Home » Mining Firms, Academia Unite to Boost Youth Employment

Mining Firms, Academia Unite to Boost Youth Employment

by Adenike Adeodun

In a significant push towards youth empowerment, mining companies in Ghana are now embarking on an innovative path. They are forging partnerships with universities and vocational training institutions. The goal is clear: to develop technology-centric programmes. These initiatives are not just about education; they are about shaping a workforce that is ready for the future.

At the heart of this transformation is the drive to bridge the academic-industry gap. The recent call by Henry Antwi, a Fellow of the Australasian Institute of Mining and Metallurgy (FAusIMM), underscores this. Speaking at the Ghana Mineworkers’ Union (GMWU) National Youth Conference in Accra, Antwi highlighted the urgent need for such collaborations.

This maiden conference, themed “Building Resilience in a Rapidly Changing World of Work: The Role of Young Workers,” was more than just a meeting. It was a convergence of minds and ideas. Young miners from firms like AngloGold Ashanti and Gold Fields Ghana Ltd, alongside students and other stakeholders, came together. Their mission? To discuss ways to empower youth in mining and ensure the sector’s resilience amidst global changes.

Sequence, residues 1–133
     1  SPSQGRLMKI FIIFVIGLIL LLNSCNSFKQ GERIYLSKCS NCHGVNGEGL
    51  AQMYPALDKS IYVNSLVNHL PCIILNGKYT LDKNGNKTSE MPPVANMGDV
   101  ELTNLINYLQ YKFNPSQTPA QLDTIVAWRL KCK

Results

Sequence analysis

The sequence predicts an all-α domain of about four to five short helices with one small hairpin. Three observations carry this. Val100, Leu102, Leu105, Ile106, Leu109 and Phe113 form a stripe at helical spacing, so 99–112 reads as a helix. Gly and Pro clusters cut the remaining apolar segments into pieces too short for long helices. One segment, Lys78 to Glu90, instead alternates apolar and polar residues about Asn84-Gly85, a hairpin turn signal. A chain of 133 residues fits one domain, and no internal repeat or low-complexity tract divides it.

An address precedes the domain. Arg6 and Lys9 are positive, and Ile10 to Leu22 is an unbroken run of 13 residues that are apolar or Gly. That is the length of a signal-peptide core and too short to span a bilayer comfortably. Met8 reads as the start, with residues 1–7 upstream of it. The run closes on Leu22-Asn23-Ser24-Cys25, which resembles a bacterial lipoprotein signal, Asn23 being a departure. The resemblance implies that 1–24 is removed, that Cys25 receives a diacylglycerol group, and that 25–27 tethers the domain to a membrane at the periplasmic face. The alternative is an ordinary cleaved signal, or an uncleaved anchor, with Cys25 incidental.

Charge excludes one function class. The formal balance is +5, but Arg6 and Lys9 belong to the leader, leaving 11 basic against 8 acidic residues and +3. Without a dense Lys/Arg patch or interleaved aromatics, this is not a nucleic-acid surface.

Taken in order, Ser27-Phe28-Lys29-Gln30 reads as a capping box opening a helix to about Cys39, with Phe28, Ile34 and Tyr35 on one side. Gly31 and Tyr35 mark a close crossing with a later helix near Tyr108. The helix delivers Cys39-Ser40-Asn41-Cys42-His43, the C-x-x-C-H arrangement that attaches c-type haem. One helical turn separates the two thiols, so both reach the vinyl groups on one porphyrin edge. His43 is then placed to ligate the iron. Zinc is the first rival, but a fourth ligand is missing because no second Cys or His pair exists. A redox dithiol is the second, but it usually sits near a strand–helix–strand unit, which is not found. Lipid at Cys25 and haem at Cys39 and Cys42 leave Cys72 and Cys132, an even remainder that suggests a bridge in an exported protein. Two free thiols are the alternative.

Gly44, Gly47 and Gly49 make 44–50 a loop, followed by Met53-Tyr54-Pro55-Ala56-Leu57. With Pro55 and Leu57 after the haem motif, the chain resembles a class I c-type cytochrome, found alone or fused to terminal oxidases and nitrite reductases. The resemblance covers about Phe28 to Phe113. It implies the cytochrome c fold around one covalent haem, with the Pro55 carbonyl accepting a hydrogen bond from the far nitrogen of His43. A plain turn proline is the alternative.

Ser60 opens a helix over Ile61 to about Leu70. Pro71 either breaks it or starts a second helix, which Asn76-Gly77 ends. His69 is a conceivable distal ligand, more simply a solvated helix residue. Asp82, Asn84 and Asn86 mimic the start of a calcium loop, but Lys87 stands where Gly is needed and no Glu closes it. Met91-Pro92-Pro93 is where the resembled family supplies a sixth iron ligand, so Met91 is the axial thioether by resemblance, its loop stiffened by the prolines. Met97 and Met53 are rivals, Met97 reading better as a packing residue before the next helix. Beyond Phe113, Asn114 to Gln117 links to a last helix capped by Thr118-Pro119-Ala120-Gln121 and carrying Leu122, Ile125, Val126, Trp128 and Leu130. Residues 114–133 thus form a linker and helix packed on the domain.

Mr Antwi’s message was clear: professional expertise is vital, but so are soft skills. In a world where job market dynamics are ever-changing, creativity, critical thinking, and adaptability are invaluable assets. He encouraged the youth to embrace these skills and urged the union to facilitate mentorship programmes. Such initiatives can connect young workers with seasoned professionals, providing a much-needed bridge between learning and doing.

Dennis Yaw Atuwo, Chairman of the National Youth Council of the Trades Union Congress, Ghana, spoke of the transformation within the mining sector. As it embraces new technologies, the need for skilled young workers becomes paramount. Atuwo believes that the youth’s capacity can bring innovative change to the mining sector, making the industry resilient and adaptable.

The insights and strategies emerging from this conference are more than just words; they are potential game-changers for Ghana’s mining sector. They represent a roadmap for how the industry can evolve and continue to be a cornerstone of the Ghanaian economy.

According to a report by Daily Graphic, GMWU General Secretary, Abdual-Moomin Gbana, emphasised the importance of being attuned to the changing environment. He encouraged the youth to reposition themselves to face the new normal. Gbana highlighted the union’s commitment to training the youth, ensuring they have the skills to thrive in emerging job markets. He called on governments to implement policies that address the concerns of young people, creating opportunities for employment.

This collaboration between academia and industry is not just a step; it’s a leap towards a future where the youth are not just workers but innovators and change-makers in the mining sector. By equipping them with the right skills and knowledge, we are paving the way for a more resilient, adaptive, and prosperous industry.

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